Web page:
Pfizer workers plead for help in fight to save jobs
ANGER: Cowen under fire over his efforts to prevent drugs firm axe
UNIONS this morning called for Government support to save as many jobs in Pfizer as possible.
As shocked workers returned to work today. efforts began to secure some of the 510 jobs which remain in jeopardy.
The pharmaceutical multi-national announced yesterday that 275 jobs are to be cut at its Newbridge facility, in Co Kildare.
A further 510 jobs are under threat at the company's plant in Dun Laoghaire and its two sites in Ringaskiddy in Cork.
Government lobbying failed to persuade the US company to ring-fence its 5,000 workers in Ireland from job losses.
Half of the plants the multi-national company is closing -- after a merger with Wyeth -- are in this country. The opposition said other European countries had been more effective in their representations and questioned the Government's efforts.
Taoiseach Brian Cowen said the loss of almost 800 jobs at Pfizer plants across the country was due to the company's restructuring plans, rather than a loss of competitiveness.
He denied that because three of the six Pfizer plants which shut down worldwide closed in Ireland meant his Government had let Ireland become uncompetitive for high end jobs.
"Our competitiveness gains are being recognised," he said at the EU-Latin America and Caribbean summit in Madrid yesterday. But the opposition challenged the Government on how Italy and France -- whose Governments also repeatedly lobbied Pfizer -- managed to avoid the worst of the 6,000 job losses globally and escaped with no plant closures.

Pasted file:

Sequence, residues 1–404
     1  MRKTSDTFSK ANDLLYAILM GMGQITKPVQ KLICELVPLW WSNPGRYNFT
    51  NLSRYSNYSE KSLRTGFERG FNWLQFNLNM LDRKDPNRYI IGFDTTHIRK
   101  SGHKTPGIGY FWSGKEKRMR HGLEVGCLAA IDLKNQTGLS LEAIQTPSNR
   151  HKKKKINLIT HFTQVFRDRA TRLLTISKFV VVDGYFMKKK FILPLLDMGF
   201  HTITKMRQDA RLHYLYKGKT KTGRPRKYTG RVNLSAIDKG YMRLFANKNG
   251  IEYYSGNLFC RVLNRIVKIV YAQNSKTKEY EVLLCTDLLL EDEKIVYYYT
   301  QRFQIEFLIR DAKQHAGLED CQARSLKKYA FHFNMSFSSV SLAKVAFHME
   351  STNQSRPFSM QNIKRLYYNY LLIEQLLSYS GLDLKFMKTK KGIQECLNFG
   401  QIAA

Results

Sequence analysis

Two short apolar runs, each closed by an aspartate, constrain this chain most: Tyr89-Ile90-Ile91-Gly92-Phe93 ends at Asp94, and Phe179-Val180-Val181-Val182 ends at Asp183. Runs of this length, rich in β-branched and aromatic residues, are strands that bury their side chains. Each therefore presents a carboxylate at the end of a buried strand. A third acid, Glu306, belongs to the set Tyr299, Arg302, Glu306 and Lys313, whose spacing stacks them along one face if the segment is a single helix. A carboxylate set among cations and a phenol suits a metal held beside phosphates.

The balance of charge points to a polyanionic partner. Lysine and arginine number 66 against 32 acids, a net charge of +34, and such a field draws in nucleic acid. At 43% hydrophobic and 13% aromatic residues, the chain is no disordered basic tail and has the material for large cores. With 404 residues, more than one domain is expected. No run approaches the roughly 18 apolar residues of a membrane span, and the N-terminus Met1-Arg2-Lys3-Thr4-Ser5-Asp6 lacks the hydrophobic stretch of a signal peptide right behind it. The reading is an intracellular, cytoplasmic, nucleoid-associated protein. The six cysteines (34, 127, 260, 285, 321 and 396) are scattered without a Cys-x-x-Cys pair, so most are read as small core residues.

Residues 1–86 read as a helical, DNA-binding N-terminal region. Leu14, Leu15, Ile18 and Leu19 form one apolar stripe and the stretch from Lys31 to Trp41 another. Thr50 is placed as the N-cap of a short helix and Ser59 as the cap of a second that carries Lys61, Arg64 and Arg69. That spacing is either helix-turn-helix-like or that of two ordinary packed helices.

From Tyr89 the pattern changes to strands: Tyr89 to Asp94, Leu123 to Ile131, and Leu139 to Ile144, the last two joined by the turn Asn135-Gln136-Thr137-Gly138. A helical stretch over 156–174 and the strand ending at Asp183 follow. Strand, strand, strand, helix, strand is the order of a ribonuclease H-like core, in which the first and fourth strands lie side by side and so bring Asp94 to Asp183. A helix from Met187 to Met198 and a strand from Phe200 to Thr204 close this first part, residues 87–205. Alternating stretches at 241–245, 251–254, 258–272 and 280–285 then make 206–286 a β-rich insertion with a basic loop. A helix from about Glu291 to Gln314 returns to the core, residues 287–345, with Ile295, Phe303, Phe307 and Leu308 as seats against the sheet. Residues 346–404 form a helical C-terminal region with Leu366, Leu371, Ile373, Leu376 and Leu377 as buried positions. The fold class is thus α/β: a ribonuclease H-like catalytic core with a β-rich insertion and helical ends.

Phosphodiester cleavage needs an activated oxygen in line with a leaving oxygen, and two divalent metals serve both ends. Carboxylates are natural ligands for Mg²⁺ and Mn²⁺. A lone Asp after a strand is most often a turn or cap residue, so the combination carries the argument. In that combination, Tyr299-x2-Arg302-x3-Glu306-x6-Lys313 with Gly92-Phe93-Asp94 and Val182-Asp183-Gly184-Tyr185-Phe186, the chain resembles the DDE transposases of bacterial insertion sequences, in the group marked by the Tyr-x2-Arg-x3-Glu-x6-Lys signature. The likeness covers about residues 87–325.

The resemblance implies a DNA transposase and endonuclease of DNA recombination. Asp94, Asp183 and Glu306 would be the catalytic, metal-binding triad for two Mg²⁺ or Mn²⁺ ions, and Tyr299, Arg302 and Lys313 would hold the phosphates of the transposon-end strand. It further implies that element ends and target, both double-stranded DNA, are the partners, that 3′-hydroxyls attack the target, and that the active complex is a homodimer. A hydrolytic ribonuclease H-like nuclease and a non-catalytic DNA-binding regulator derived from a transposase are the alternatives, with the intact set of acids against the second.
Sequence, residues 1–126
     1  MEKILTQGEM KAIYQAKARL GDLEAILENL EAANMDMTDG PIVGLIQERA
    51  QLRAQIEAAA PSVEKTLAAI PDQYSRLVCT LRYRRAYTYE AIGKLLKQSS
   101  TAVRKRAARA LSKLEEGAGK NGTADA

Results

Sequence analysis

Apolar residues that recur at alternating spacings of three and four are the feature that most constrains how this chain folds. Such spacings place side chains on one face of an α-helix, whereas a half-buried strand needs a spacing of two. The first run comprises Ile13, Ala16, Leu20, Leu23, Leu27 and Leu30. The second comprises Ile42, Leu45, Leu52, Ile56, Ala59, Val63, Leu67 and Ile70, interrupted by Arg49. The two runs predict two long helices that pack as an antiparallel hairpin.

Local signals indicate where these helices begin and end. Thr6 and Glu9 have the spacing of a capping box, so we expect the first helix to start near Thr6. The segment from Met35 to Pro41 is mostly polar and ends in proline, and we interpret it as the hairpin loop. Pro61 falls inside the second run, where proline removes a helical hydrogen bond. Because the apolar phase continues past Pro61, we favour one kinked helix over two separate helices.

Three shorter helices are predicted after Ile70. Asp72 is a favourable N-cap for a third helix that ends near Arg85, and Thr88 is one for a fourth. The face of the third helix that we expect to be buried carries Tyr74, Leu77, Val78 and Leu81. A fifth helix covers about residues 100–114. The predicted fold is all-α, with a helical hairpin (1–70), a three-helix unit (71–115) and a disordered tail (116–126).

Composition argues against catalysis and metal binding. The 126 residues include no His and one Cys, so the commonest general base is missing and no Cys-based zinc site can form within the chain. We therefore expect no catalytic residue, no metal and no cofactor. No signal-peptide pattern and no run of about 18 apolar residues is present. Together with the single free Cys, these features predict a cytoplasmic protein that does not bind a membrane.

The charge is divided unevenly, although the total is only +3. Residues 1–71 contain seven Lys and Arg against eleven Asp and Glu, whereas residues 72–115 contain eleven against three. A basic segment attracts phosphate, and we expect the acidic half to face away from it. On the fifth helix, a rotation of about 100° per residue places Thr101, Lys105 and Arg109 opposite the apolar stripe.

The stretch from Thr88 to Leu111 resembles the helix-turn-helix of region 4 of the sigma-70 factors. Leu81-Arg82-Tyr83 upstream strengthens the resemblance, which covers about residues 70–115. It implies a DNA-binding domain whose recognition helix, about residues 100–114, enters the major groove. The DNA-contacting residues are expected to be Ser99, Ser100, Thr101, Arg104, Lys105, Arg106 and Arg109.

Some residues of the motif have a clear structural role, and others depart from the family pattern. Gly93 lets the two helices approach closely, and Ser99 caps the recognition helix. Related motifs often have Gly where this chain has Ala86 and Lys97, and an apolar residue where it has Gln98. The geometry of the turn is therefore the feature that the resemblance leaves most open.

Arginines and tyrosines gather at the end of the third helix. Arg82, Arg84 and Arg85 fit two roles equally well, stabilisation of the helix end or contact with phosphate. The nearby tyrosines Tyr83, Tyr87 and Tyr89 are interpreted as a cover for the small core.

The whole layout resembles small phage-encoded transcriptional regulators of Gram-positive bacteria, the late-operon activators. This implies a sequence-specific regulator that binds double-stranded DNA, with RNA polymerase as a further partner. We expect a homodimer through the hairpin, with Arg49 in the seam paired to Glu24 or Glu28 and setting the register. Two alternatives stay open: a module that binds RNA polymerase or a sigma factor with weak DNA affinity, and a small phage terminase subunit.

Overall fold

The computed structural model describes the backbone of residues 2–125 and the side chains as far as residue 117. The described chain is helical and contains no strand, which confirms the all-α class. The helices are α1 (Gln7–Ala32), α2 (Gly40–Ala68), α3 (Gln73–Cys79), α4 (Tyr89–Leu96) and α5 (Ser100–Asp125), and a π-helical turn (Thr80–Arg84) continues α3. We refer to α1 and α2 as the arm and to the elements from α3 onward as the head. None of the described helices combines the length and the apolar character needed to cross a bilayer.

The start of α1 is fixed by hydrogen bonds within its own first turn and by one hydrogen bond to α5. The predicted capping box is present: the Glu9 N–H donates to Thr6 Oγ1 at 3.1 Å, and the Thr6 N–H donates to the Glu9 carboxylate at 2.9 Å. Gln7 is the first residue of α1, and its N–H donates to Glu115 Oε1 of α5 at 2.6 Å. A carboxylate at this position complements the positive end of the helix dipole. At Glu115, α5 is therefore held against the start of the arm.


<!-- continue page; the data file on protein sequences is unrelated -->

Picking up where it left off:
Labour's Ciaran Lynch said the Pfizer plants in France and Italy emerged from the "whole bloodbath" virtually unscathed.
"So how is it that Ireland sustained 16pc of the global job losses and now faces the disaster of losing three entire plants," he asked.
Pfizer's Ireland vice-president Dr Paul Duffy said he could not comment on the suggestion France had lobbied successfully. "I am not aware of that," he said.
Pfizer workers in Dun Laoghaire were last night pinning their job hopes on a buyer being found for the plant.
The pharmaceuticals giant employs 210 people at the site, some of whom have worked there for upwards of 30 years.
"There were people very upset. There's people who have been there up to 30, 40 years," said employee Paul O'Brien.
Shellshocked workers poured from the Newbridge, Co Kildare manufacturing hub as the shift came to a close at 4pm.
Some were pleased the plant, a key employer in the area, still had a future with 770 jobs while others were shocked and disappointed at the sheer numbers as they contemplated the cutbacks.